5 We have a parking problem Not enough spaces… Bad way finding… Parking in the wrong places… Accessibility challenges… Poor access control… Can’t get to an open space…

6 Goals  Deliver a consistently positive customer experience  Achieve a sustainable parking system  Maximize parking and transportation system resources for a vibrant downtown

7 Project approach 1. Assess current operations 2. Factor in future needs and growth 3. Help make the most of existing assets 4. Recommend immediate actions 5. Develop a long-range plan for management 6. Coordinate planning with Residential Parking and Transportation Demand Management studies 7. Present a plan which is politically, environmentally and fiscally sustainable

8 Study Area Bounded by Pearl, Union, Maple and Lake Streets Includes four zones 40 total blocks Includes office buildings, retail stores, restaurants, hotels, courthouses, City Hall and residences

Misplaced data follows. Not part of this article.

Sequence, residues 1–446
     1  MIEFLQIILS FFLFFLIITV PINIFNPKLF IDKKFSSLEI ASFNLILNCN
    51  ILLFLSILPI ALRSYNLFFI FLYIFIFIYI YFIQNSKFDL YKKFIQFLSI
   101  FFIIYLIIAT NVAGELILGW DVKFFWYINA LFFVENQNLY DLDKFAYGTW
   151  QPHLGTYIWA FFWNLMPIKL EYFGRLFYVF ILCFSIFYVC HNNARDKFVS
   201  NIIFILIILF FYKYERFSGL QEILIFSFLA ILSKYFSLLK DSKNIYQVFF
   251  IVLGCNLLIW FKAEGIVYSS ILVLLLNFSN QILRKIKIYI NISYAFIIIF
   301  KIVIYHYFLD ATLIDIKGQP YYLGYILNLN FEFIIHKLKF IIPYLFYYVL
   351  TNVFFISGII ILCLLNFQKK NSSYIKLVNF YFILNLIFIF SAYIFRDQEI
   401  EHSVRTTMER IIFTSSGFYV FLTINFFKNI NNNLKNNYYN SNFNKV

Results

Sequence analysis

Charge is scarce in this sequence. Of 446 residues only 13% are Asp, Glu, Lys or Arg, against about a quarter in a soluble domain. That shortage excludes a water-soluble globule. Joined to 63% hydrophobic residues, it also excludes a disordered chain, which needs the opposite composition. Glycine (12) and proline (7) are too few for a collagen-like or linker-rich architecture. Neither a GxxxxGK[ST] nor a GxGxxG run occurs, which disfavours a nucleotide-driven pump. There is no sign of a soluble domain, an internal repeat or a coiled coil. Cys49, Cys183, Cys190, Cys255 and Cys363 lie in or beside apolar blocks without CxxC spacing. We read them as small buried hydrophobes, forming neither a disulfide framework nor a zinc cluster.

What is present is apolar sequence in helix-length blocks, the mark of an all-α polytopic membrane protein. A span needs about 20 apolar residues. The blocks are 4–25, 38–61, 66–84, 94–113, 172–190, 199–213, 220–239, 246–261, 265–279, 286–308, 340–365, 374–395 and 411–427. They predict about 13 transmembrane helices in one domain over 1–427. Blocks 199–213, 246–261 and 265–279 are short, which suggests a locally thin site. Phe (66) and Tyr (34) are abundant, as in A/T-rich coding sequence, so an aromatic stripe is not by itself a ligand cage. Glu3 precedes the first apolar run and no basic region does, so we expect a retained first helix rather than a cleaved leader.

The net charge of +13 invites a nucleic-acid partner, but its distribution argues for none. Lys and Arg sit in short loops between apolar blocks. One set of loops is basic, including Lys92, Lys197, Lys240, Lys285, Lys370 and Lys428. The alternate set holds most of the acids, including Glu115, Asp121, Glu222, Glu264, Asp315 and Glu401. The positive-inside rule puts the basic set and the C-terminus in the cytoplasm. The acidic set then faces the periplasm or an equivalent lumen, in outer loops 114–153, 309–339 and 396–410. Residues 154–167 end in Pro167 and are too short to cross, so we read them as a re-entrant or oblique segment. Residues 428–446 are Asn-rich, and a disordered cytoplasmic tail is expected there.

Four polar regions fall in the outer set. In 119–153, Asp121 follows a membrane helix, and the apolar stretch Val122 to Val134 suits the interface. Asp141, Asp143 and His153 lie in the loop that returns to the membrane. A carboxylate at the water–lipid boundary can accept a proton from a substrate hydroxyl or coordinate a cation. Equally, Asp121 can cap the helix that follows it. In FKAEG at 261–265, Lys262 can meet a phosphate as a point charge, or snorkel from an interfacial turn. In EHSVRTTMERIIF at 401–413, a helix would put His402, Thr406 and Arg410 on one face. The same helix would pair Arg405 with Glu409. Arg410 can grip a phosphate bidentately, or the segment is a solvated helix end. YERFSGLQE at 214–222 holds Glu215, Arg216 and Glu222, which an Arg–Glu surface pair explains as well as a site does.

9 Inventory Definitions –On-Street = curbside parking –Public = clearly publically accessible –Private = indicated as exclusive 8,081 spaces in total –1,199 On-Street spaces –2,825 spaces in 13 Public facilities –4,057 spaces in 123 Private facilities –39% (3,160 spaces) in Zone 1 –26% (2,094 spaces) in Zone 2 –23% (1,828 spaces) in Zone 3 –12% (999 spaces) in Zone 4

10 Parking assets 10

11 On street assets 11 1,199 spaces Almost 2/3 rds are mid-term meters Fairly even distribution across zones

12 Public (off-street) assets 12 2,825 spaces Almost 2/3 rds are located in Zone 1 facilities City provides ~ 63% of total public capacity

13 Weekday observation (Thursday, 9/25/14) Averaged 60% utilization Highest utilization was at 1:00 PM (71%) Average utilization rates: –Zone 1: 57% Zone 2: 73% Zone 3: 52% Zone 4: 57%

14 Weekdays: private off- street Averaged 58% utilization for the day Highest utilization was at 12:00 PM (69%) Garages were better utilized (67% avg.) than lots (57% avg.) Lots dedicated to employees had strongest utilization Customer & resident lots were ~ 50% utilized